How Do Nurse Practitioners Support Patients With Cancer During Radiation?
Nurse practitioners provide quality and value in radiation oncology clinics. By managing the effects of radiation during and after treatment, as well as following patients into survivorship, nurse practitioners are continually improving the quality of care that patients receive during and following treatment.
Federal Officials Say No to Lifetime Limits on Medicaid; Empowered Patients Are the Future of Health Care; Healthcare Jobs Continue to Grow Faster Than Jobs in the General Economy
On May 7, 2018, the White House told the Department of Health and Human Services to overturn Kansas’s new lifetime limit restrictions on Medicaid. Kansas has been leading the way for states looking to implement restrictions to federal benefits. The state previously implemented work requirements for Medicaid recipients and was trying to impose time limits for how long recipients could receive Medicaid for some time. Had its efforts stood, this would mark a fundamental shift in how the federal program is implemented at the state level.
Use These Methods to Evaluate EBP Outcomes and Disseminate Results
One of the most important but often challenging steps in the evidence-based practice (EBP) process is ensuring that the change we wanted to happen actually occurred. After a practice change has been implemented, it’s important to ask if the expected outcome was achieved. Patient-related outcomes can be psychosocial (change in symptoms such as depression or anxiety), physiologic (reduction in catheter-associated urinary tract infections), or functional (increased exercise or mobility). Outcomes can also be process related, such as reduced readmissions or more efficient discharge planning.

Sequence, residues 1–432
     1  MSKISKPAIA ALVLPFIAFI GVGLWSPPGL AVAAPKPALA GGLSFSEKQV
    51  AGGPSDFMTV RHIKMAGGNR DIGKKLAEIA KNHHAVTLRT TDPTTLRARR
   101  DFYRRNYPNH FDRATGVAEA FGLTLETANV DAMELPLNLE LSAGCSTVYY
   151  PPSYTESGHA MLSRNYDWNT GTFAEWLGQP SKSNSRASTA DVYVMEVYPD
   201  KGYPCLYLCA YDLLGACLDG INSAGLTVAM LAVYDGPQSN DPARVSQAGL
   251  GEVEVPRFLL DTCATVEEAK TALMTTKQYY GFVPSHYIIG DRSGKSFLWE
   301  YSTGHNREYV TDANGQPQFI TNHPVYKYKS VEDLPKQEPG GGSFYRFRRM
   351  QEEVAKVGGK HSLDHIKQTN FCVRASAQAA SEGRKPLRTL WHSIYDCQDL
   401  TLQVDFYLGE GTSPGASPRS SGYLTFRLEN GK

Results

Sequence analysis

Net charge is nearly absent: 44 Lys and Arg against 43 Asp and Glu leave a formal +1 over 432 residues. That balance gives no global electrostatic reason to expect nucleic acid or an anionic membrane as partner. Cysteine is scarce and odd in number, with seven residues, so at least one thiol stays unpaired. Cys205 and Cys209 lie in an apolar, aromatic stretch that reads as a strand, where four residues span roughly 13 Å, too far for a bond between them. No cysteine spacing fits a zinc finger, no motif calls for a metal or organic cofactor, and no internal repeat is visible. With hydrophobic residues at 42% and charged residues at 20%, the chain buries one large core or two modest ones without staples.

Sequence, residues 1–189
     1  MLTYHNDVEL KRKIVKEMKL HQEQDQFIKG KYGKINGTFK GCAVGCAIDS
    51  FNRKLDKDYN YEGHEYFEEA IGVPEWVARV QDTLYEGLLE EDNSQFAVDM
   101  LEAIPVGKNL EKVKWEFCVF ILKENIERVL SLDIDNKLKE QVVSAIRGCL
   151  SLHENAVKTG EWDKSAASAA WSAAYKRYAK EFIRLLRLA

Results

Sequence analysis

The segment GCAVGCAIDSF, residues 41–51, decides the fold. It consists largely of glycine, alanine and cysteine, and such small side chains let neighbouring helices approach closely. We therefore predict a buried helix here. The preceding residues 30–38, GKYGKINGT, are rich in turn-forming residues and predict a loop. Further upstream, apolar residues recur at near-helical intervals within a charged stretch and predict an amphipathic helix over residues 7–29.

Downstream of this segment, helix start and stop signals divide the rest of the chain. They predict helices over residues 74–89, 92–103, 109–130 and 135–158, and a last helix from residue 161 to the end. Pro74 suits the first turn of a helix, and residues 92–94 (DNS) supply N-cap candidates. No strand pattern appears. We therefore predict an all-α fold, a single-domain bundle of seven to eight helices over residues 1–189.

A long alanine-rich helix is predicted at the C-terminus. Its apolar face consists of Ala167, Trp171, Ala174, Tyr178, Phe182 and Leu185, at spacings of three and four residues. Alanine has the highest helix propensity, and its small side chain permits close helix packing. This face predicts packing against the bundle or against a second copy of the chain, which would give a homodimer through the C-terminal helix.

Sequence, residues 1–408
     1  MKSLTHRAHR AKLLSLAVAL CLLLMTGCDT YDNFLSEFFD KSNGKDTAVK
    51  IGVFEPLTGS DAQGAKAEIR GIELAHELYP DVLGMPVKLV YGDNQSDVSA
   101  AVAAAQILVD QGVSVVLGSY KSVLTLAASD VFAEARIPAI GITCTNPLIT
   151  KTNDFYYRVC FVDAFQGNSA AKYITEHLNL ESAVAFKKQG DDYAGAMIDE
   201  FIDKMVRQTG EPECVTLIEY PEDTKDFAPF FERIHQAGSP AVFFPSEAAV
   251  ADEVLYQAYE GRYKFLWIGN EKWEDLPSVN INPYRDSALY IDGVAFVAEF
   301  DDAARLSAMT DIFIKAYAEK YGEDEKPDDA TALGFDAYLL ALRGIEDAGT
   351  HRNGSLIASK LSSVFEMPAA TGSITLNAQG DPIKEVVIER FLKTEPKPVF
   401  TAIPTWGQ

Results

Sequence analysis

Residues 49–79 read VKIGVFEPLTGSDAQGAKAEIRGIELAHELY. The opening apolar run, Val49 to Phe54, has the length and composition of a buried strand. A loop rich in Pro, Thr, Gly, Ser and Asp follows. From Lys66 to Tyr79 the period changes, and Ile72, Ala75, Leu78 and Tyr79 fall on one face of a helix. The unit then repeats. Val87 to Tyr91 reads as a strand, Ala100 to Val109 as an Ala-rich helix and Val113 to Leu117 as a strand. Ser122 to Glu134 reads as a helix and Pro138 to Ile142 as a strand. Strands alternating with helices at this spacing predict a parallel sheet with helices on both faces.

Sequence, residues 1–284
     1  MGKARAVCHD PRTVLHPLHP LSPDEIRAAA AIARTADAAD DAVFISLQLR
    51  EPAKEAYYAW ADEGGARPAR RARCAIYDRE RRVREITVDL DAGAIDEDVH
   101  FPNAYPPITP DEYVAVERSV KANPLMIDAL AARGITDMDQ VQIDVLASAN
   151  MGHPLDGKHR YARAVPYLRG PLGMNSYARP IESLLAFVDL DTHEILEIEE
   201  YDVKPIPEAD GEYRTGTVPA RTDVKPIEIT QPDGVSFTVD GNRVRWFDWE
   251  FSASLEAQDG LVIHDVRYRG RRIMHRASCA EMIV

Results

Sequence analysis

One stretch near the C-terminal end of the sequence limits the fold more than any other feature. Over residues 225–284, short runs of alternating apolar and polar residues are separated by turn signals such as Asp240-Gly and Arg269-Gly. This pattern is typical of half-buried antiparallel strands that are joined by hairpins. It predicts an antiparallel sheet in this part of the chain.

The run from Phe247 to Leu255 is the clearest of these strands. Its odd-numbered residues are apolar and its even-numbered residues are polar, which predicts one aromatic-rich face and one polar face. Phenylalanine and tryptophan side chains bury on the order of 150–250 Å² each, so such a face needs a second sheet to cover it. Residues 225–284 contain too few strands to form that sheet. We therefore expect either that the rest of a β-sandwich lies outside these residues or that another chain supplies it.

Supportive Care Programs for Patients With Cancer
Focusing on a patient’s quality of life is often a key component to their successful cancer journey. Treating their disease is crucial, but patients have to be recognized as individuals with unique and varying needs. Addressing their emotional, physical, spiritual, and psychosocial stressors can help provide holistic treatment that’s at the heart of successful oncology care.